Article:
One of the US's busiest cruise ports can't keep up with America's love for vacations at sea — but an urgent new terminal will help meet the demand for giant cruise ships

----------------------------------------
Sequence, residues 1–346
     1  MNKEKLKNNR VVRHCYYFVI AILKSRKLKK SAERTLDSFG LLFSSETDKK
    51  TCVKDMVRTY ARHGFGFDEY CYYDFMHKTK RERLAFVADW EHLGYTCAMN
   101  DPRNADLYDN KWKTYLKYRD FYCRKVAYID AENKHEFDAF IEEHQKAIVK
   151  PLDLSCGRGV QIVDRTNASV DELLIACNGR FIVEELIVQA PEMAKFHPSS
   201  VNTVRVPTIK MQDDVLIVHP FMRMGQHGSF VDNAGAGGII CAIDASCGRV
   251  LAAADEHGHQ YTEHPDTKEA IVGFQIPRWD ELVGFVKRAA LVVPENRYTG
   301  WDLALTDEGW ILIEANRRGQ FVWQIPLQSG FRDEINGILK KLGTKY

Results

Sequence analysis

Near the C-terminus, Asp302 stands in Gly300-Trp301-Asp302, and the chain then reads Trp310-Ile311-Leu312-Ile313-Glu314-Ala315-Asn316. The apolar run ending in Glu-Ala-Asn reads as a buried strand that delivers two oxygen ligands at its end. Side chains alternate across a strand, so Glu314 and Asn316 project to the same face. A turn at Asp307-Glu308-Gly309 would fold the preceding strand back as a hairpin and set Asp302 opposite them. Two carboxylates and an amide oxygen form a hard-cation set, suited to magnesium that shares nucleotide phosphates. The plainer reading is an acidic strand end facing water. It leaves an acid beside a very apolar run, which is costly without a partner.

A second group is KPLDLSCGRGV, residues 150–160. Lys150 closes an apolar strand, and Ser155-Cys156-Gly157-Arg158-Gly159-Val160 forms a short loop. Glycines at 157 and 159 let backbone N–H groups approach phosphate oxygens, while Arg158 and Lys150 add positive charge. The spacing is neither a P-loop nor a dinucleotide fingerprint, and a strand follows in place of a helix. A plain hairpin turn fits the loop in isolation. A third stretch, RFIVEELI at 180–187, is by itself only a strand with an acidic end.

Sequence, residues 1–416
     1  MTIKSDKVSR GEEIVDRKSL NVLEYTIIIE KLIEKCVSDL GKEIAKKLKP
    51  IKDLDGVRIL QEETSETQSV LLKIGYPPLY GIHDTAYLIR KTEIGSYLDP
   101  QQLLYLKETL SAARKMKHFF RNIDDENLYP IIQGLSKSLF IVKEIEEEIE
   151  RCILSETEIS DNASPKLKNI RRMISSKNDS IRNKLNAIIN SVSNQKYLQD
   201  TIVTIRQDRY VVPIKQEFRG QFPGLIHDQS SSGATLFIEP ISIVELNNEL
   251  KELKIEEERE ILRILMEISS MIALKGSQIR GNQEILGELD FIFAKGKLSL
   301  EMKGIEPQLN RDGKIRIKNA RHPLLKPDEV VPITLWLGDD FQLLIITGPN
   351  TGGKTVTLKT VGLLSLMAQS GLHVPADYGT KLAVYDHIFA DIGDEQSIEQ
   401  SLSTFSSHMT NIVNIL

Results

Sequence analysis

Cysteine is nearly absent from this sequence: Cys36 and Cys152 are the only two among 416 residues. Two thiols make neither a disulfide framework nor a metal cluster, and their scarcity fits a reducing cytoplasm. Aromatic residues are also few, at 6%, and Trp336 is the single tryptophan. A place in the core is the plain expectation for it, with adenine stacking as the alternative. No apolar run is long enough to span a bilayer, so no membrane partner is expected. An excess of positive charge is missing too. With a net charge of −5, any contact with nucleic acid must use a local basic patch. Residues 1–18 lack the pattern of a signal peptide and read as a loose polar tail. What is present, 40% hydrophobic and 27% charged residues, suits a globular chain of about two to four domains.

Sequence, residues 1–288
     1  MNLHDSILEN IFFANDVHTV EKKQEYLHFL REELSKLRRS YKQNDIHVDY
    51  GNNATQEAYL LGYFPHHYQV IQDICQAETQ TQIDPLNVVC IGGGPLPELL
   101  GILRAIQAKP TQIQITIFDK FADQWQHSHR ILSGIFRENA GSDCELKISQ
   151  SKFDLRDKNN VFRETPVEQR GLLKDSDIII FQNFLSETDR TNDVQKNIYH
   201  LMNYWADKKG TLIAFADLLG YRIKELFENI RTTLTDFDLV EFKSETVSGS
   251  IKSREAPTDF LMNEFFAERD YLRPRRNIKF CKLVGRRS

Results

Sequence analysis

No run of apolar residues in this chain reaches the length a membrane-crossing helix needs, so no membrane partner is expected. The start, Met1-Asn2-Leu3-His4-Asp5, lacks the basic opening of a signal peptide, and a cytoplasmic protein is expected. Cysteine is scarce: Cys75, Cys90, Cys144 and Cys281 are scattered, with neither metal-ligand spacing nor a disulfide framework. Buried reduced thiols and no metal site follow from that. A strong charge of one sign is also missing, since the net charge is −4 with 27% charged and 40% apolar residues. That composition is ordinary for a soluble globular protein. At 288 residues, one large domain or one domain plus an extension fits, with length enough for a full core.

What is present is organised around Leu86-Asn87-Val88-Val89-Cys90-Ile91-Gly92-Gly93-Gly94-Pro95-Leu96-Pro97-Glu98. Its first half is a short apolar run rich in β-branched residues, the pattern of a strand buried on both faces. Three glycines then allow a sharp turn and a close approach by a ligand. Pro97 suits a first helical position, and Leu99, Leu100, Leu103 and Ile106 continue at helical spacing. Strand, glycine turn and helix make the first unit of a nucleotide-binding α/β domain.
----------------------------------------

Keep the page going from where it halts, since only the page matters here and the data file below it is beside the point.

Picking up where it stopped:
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Port Canaveral unveiled new plans to build a cruise terminal at one of its existing berths, scrapping its initial proposal because it would've taken longer to construct.Canaveral Port AuthorityPort Canaveral announced new plans to build a seventh cruise terminal by 2026.It scrapped its initial expansion plan because it would've taken longer to build.This article is part of "Transforming Business: Infrastructure," a series exploring the advancements reshaping US infrastructure. Florida — home to busy beaches, Disney World, and a cruise industry so successful that local ports simply can't keep up with demand.The Sunshine State flexes seven cruise ports, three of which — Miami, Canaveral, and Everglades — are among the five busiest in the world.The state may seem well stocked as far as cruise terminals go. But Port Canaveral is running out of space as demand for these vacation voyages continues to skyrocket.In 2023, the Florida port accommodated a record 6.8 million cruisers and 13 homeported ships, leading to an all-time-high revenue of $191 million — more than 80% of which came from its cruise operations.In 2024, it expects to add another 500,000 passengers to that total.The influx in demand has left Port Canaveral at "a point where we're starting to turn business away," John Murray, its CEO, said at a press conference earlier this month.The proposed solution? Expand — and quickly. The port announced plans to build a seventh cruise terminal on its north side by 2026, scrapping its initial proposal for one farther south. The latter would've taken longer to build, but "we need it in two years," Murray said, adding: "Maybe sooner."The project includes extending the North 8 berth's existing bulkhead to 1,344 feet long. This would allow the neighboring terminal to accommodate larger ships.Canaveral Port AuthorityThe proposed terminal would be at the port's "underutilized" North 8 berth. When complete, it could accommodate the world's largest cruise ships, including Royal Caribbean's new 1,198-foot-long, 9,950-person-capacity Icon of the Seas.Murray said the project would be "self-funded." There's no word yet on the cost, but a spokesperson for Port Canaveral told Business Insider that the existing berth would make construction cheaper than that of previous cruise terminals. The most recent one, completed in 2020, cost $155 million.Before unveiling these plans, Port Canaveral intended to build its next terminal in an area known as Bluepoints Marina, farther south. The project would've taken three to four years to complete — too long a timeline for Port Canaveral.A new cruise terminal "has become more urgent and necessary now," Murray said.Royal Caribbean's second-largest cruise ship, Wonder of the Seas, sailed out of Port Canaveral in 2023.Brittany Chang/Business InsiderAlong with a seventh terminal, Port Canaveral plans to build a 3,000-car parking structure and improve the roads leading into and out of the parking lot.Expanding parking on land is just as important as in the water: Cruise lines have been increasingly developing private islands and destinations in the Caribbean, often visited during three- and four-day cruises. Murray said these shorter sailings typically bring in more vehicular traffic than their five- to seven-day counterparts.Wooing cruise lines operating on these itineraries could be especially important for Port Canaveral, which is farther north from the private Caribbean destinations than Miami's and Fort Lauderdale's popular ports.Competition is stiff. In January, MSC Group announced that its cruise lines would move their operations to Miami. In late 2023, Disney Cruise Line unveiled a new terminal at Port Everglades."A place like Port Canaveral is continually thinking about retaining the business it has and, of course, capturing some of that business," Ross Klein, the founder of CruiseJunkie.com and a professor at Memorial University of Newfoundland, told BI.But not everyone is excitedPort Canaveral says its new cruise terminal is set to be completed in 2026.UCG/Getty ImagesWhile an influx of travelers can be an economic windfall for nearby restaurants and hotels, not all locals are happy about the new cruise terminal.The world's largest cruise ships can accommodate more than 7,000 guests. That's a lot of travelers — and traffic, which is a concern for Jamie Glasner, the owner of the Bluepoints Marina-based fishing charter Fin and Fly. (BI spoke with Glasner before Port Canaveral announced its terminal in the North 8 berth.)"These cruise ships come in, and the traffic is backed up for miles," Glasner told BI, adding that other local business owners complained "about it all the time.""The traffic is a nightmare. This is crazy," he said."It used to only take us 10 minutes to get home," Glasner said. "Now it's taking me an hour."Cruise travelers accounted for roughly 840,000 cars at Port Canaveral last year, Murray said in late 2023. At the time, he said that updates such as a "pay-on-arrival" parking system and the increased use of facial recognition by US Customs and Border Protection helped improve the flow of traffic.To lessen traffic stress, the port wants the state to widen the nearby freeway and replace the drawbridge connecting the north and south halves of Port Canaveral with a higher, fixed bridge. The latter often opens for passing ships, further jamming up the roads.However, these proposals have yet to be included in the Florida Department of Transportation's budget, "so we will continue to make noise on that," Murray said during the announcement of the port's seventh cruise terminal. "We can't shut down operations at Port Canaveral because the state can't get the road infrastructure in a timely manner," he added.But love it or hate it, the cruise industry continues to grow. And the sooner Port Canaveral can build a new terminal, the happier it, and cruise lines, will be."We're going to do what we have to do to get this up and running as quickly as possible," Murray told reporters.Read the original article on Business Insider